One clear winner of the recent European Parliament elections was Italian Interior Minister Matteo Salvini, whose party won roughly a third of the votes, finishing well ahead of any other party. Salvini’s party, the Lega, began as a regional party in Lombardy, but won numerous votes in southern Italy, including carrying many municipalities and several provinces, a result as unlikely as Abraham Lincoln winning towns in Mississippi in 1860.
The primary reason for Salvini’s popularity is his stance on immigration. Salvini wants Italy to remain Italian. As interior minister, he has dramatically reduced illegal immigration into Italy. By making it clear that vessels carrying illegal immigrants are no longer welcome in Italian ports, Salvini has also reduced the number of illegal immigrants drowning in the Mediterranean.
However popular Salvini’s crackdown on illegal immigration has proved among ordinary Italians, it has not endeared him to the Vatican of Pope Francis. The pope has made clear his view that borders of Western countries should essentially be open to Third World immigrants—though he acknowledges it’s a prudential matter about which Catholics are free to disagree. A publication allied with Francis compared Salvini to Satan on its cover, and Vatican sources told reporters the pope will never meet with Salvini as long as the latter prohibits from Italian ports ships carrying illegal immigrants. One bishop allied with Francis even declared that anyone who votes for Salvini’s party isn’t Christian.
However, in June the Vatican issued another document with a markedly different view of borders—this time focused on South America’s Amazon rainforest. The Instrumentum Laboris for the upcoming Synod on the Amazon decries “the violation of the rights of indigenous peoples, such as the right to territory, to self-determination, to the demarcation of territories, and to prior consultation and consent.” The document notes that, “For the care of the Amazon, the aboriginal communities are indispensable interlocutors, since it is precisely they who normally take best care of their territories.” It also discusses what it calls “Indigenous Peoples in Voluntary Isolation,” or tribes that shun contact with the outside world to such an extent that “[w]e do not know their proper names, languages or cultures.”
With respect to these tribes, the document calls for governments to “implement all measures necessary to protect their physical integrity and that of their territories, based on the precautionary principle, or other protection mechanisms in accordance with international law.” In other words, the indigenous peoples of the Amazon should have the right to inviolable borders, with no one allowed to come on their land without their leave.
There is much to criticize in the Instrumentum Laboris, which often suggests that Christian missionaries created an unnecessary imposition on tribes whose own way of life was superior to what the missionaries taught. There is no suggestion that these isolated indigenous peoples would benefit from missionaries bringing them the Gospel, an omission that would have shocked the many who risked and even gave their lives in those endeavors, such as St. Isaac Jogues and St. Jean de Brébeuf.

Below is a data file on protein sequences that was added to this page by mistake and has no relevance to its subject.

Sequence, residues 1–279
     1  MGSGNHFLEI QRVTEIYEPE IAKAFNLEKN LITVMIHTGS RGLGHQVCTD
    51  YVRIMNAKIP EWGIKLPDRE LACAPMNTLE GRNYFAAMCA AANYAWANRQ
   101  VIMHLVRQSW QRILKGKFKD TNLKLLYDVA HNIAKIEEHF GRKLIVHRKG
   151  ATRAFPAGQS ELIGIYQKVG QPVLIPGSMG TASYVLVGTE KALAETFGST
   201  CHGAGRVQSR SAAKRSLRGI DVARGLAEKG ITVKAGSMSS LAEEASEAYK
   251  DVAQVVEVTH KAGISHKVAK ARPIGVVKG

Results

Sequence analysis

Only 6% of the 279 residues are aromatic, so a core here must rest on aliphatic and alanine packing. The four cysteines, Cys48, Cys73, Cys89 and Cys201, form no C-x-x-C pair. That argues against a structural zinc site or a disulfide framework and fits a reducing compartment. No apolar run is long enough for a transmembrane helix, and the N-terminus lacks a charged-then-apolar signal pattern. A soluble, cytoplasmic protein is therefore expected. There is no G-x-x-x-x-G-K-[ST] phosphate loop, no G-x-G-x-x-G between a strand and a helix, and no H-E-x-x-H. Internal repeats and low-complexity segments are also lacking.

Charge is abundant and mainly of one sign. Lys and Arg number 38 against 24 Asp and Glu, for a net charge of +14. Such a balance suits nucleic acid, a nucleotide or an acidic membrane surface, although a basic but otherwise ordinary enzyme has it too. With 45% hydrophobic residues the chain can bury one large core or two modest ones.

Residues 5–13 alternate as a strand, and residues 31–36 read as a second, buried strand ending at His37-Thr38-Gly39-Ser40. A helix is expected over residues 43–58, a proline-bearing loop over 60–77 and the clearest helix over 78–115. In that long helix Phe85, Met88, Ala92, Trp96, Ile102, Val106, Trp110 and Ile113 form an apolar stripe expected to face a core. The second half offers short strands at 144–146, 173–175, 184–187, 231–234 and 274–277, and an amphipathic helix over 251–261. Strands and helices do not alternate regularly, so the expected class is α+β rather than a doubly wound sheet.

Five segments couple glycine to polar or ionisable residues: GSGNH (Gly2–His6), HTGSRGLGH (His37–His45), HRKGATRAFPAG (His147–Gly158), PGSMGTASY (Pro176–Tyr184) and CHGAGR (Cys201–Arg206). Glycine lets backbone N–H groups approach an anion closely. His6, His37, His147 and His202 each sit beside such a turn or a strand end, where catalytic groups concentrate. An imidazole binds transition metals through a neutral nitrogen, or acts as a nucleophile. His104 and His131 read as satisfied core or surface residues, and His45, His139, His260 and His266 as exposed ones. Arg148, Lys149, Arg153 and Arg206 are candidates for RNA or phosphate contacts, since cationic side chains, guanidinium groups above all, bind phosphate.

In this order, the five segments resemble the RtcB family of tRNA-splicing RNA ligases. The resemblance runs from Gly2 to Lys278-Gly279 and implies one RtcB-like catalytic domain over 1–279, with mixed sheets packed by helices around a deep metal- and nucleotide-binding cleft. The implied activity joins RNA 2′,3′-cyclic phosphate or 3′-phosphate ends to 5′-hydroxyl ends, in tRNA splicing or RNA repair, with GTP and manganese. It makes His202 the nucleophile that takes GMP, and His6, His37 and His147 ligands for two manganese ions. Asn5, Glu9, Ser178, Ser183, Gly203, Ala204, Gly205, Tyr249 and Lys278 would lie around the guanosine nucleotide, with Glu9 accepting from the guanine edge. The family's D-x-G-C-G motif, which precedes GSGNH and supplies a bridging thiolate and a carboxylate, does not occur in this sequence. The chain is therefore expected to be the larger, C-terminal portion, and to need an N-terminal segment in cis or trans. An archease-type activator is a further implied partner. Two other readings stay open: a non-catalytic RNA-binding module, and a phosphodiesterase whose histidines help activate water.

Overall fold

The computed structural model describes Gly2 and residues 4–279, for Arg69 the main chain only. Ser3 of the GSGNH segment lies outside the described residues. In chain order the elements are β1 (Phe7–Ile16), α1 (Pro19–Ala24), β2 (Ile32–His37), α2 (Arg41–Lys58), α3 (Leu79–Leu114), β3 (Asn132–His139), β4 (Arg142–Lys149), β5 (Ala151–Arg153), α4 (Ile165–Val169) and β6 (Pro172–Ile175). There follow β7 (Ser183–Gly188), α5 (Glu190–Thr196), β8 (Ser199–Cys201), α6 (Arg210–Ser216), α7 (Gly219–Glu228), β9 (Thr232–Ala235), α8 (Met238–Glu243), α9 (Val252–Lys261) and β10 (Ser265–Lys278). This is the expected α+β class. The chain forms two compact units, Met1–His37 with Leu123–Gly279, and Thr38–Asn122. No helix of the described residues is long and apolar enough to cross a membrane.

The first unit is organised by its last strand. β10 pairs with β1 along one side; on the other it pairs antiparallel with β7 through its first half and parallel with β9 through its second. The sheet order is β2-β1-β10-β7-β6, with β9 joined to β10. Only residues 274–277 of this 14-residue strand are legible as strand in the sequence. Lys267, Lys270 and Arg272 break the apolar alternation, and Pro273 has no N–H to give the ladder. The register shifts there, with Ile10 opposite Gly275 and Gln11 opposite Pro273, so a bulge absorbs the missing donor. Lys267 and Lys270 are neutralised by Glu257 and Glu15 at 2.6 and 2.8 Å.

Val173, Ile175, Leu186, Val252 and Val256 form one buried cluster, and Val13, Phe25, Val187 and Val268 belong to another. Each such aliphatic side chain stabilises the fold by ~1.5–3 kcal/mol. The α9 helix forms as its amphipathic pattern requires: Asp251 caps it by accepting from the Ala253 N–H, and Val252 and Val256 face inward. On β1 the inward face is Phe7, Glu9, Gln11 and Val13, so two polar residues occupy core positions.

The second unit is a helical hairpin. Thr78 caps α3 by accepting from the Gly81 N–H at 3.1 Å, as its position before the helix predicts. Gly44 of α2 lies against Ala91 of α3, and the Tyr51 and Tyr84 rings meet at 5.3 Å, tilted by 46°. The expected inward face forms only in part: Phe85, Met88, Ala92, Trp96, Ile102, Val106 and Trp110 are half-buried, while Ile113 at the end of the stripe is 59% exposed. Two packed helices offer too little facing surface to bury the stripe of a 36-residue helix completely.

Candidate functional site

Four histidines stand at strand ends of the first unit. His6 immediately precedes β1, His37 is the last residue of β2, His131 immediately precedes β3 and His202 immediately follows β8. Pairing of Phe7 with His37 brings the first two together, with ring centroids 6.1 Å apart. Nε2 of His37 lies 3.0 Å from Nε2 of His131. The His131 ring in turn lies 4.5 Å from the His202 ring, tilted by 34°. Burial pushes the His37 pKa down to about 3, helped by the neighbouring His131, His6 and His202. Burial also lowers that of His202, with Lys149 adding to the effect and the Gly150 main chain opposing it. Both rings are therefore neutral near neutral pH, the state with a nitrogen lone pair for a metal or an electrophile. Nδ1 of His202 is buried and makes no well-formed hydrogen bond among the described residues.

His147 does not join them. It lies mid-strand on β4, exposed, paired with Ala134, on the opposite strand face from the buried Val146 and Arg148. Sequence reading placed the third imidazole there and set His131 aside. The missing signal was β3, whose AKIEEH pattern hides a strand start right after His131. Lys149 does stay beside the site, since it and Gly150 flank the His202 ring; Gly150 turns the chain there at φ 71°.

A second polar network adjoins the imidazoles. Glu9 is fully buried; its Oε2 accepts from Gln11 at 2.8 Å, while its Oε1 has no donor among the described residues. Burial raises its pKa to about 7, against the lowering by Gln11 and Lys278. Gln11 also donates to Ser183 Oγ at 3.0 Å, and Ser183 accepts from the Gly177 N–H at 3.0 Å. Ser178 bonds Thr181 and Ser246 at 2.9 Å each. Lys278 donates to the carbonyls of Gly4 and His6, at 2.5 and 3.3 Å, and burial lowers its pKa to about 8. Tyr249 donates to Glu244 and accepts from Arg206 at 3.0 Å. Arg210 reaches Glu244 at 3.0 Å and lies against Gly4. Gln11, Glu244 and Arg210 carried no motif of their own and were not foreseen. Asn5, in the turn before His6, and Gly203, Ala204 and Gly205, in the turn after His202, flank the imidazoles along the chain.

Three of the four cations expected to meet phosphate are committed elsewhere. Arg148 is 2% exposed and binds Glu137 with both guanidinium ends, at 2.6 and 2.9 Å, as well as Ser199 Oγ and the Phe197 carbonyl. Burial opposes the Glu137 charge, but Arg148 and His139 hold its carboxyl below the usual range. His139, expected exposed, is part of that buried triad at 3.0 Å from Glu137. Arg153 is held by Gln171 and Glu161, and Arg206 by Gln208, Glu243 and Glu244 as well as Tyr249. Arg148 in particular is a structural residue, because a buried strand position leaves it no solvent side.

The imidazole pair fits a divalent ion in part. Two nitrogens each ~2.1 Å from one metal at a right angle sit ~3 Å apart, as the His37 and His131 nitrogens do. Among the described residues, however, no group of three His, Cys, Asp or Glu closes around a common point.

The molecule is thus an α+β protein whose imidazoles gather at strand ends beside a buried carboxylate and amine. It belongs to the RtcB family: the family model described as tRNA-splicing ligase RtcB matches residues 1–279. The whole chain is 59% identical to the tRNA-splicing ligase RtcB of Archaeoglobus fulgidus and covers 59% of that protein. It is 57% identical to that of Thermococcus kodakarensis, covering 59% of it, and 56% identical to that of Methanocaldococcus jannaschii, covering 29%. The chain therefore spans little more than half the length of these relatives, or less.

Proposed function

But to be fair, the statements from Instrumentum Laboris about protecting the borders of the Amazonian tribes are an eminently sensible guide to apply to cultures one wishes to preserve.
Indeed, in light of the Instrumentum Laboris, the Italians who voted for Salvini were simply exercising their “right of self-determination,” expressing that there should be no immigration into Italy without their “prior consultation and consent.” If illegal immigrants were free to enter Italy, the Italians would lose “physical integrity of their territories.” Since Italians would soon be outnumbered in an Italy that allowed in every migrant from Africa and the Near East who desires a better life, it seems that voters for Salvini were merely applying the “precautionary principle” to their own circumstances, and perhaps even expressing a belief that they, the indigenous inhabitants of the Italian peninsula, “normally take best care of their territories.”
It is difficult to see why the people who gave the world Dante and Donatello, Michelangelo and Manzoni, Petrarch and Palestrina, and Verdi and Vivaldi, among many others, should not have the same right to maintain their borders and preserve their culture that the Vatican document proposes for Amazonian tribesmen whose contributions to world civilization are rather modest in comparison. Come to think of it, it’s hard to see why we Americans shouldn’t also be able to secure our increasingly porous borders and preserve our own culture—which is threatened to an even greater extent by the massive entry of uninvited foreigners.
Thomas Piatak is a contributing editor to Chronicles: A Magazine of American Culture. He writes from Cleveland, Ohio.